Leaders of the “industry/government EAGLE initiative” publicly released the group’s June 23 “Joint Industry/FAA Statement” to stakeholders and interested parties this morning. EAGLE (Eliminate Aviation Gasoline Lead Emissions) reported that stakeholders included “a wide range of more than 100 aviation associations, aircraft and fuel manufacturers, federal and local government bodies, airport officials, pilot groups, environmental organizations, and other related constituents.”
The EAGLE objective is defined as “bringing all parties together to discuss and rally around the shared goal of an unleaded aviation future.” The update reported that the group has made progress in several of its priority areas, such as fuel testing, evaluation, authorization, research, development and implementation, as well as “regulatory and policy activities.”
Mark Baker, president and CEO of AOPA, and EAGLE co-chair, reiterated that, while eliminating lead from aviation fuel remains “the biggest opportunity we have in general aviation … it’s also vital that 100LL be available for those aircraft that require the fuel to operate safely during a smart transition. While we are working together to remove all lead from aviation fuel, this needs to be done smartly and safely.”
Also an EAGLE co-chair, Lirio Liu, the FAA’s executive director of Aircraft Certification Service, said, “It is going to take a sustained level of commitment to tackle the highly complex set of issues at play here. The spirit of partnership that is key to EAGLE’s success was evident during our discussions today, and I am excited to be a part of it.” Liu, a 31-year FAA employee, was appointed to her current role in April, succeeding Earl Lawrence, who subsequently left the FAA this month to become chief compliance and quality officer at autonomous-flight-tech company XWing.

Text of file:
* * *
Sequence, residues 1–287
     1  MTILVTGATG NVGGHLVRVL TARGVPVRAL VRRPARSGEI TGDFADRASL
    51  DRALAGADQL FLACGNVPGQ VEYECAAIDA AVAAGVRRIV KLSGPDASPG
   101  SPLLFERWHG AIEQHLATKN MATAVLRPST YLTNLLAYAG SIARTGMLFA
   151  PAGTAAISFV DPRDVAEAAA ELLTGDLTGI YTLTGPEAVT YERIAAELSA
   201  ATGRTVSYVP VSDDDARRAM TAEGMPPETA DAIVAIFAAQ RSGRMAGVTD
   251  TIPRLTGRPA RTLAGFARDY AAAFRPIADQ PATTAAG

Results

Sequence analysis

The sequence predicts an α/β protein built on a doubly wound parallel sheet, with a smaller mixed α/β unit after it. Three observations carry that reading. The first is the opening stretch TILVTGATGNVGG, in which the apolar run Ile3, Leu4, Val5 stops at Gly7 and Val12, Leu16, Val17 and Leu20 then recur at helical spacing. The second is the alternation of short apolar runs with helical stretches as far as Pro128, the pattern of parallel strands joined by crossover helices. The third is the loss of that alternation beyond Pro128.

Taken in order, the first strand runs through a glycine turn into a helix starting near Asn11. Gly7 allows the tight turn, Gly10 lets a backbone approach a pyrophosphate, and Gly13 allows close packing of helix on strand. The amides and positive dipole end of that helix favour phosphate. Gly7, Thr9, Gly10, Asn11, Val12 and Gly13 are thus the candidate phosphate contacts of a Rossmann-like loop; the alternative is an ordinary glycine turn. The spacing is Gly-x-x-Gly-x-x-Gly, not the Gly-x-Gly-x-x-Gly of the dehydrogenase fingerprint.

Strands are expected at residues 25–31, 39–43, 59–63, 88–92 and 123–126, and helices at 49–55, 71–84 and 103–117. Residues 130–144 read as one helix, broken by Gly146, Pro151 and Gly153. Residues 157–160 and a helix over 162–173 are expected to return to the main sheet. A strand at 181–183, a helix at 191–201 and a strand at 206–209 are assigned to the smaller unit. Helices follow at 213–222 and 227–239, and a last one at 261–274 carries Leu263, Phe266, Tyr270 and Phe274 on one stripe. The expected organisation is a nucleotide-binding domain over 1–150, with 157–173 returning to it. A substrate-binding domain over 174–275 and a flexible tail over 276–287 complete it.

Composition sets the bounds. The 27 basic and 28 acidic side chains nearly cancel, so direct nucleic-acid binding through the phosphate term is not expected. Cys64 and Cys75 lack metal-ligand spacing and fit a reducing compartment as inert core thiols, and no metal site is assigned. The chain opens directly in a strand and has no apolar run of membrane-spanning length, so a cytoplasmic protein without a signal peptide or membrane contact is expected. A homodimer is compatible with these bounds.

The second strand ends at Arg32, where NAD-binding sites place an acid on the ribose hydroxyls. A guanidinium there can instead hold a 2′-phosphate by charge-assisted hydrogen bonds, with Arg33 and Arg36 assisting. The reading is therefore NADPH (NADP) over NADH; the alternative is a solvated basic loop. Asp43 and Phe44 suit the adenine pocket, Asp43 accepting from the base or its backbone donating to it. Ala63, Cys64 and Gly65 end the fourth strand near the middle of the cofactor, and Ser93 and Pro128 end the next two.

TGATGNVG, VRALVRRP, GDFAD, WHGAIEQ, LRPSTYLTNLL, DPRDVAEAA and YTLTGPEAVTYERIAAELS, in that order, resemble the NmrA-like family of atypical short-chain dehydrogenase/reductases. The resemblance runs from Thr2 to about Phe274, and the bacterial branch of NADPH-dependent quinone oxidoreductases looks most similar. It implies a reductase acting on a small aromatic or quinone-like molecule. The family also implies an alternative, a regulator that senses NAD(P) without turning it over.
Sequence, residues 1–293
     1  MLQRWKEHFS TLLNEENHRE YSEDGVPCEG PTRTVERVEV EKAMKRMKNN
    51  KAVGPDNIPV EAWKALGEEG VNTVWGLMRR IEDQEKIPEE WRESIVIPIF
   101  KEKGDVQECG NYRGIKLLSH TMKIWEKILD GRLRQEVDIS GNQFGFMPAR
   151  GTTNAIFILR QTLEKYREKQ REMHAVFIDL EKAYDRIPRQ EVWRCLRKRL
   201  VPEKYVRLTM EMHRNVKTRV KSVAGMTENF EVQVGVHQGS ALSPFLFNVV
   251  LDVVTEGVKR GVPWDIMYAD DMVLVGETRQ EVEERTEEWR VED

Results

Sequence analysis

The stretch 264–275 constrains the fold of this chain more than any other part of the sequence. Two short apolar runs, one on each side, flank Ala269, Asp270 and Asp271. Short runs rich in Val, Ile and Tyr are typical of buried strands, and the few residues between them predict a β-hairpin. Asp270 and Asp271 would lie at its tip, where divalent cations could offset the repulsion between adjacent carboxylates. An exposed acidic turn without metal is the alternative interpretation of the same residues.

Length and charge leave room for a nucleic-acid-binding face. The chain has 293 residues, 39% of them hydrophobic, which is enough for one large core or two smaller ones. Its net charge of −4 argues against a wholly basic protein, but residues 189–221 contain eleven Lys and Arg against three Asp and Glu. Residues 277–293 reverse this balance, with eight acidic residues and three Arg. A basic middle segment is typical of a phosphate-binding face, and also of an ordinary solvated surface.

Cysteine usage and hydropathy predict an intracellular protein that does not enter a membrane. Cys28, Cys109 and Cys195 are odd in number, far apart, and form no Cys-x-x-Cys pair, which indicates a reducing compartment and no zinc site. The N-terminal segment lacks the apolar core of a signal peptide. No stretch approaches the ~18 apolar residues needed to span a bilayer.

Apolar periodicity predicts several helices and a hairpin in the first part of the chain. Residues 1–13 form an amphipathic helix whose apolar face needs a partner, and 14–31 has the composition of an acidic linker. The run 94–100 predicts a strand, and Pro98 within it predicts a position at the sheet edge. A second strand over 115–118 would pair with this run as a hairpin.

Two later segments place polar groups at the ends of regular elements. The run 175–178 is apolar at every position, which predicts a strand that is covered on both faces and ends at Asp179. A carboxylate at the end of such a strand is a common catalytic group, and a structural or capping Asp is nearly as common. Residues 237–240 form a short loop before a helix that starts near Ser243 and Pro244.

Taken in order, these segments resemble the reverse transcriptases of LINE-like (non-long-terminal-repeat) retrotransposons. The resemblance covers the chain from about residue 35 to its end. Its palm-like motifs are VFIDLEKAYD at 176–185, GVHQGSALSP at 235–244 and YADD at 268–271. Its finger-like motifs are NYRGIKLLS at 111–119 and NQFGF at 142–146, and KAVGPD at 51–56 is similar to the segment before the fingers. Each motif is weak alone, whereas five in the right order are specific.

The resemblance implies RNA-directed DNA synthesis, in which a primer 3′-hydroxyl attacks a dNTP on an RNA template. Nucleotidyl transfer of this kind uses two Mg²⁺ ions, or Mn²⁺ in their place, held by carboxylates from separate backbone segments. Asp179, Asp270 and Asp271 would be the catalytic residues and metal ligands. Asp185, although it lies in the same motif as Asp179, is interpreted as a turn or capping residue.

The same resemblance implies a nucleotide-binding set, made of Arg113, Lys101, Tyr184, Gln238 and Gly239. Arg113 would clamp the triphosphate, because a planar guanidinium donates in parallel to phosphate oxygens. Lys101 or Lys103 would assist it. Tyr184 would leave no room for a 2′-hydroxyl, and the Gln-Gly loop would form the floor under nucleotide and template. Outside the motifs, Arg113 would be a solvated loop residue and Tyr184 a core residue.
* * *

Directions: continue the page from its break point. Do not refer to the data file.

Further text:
While the group reported it has “addressed a number of potential unleaded fuel candidates,” EAGLE leadership and specifically the FAA have faced pushback for lack of progress on the Supplemental Type Certification (STC) process for G100UL, a potential drop-in replacement fuel developed by General Aviation Modifications Inc. (GAMI). George Braly, GAMI founder, has been vocal in his displeasure over FAA inaction on the pending STC, which would effectively constitute a virtually fleetwide approval for all GA aircraft.
But some stakeholders in the debate have questioned whether the STC process is the prudent and appropriate process for such a sweeping approval.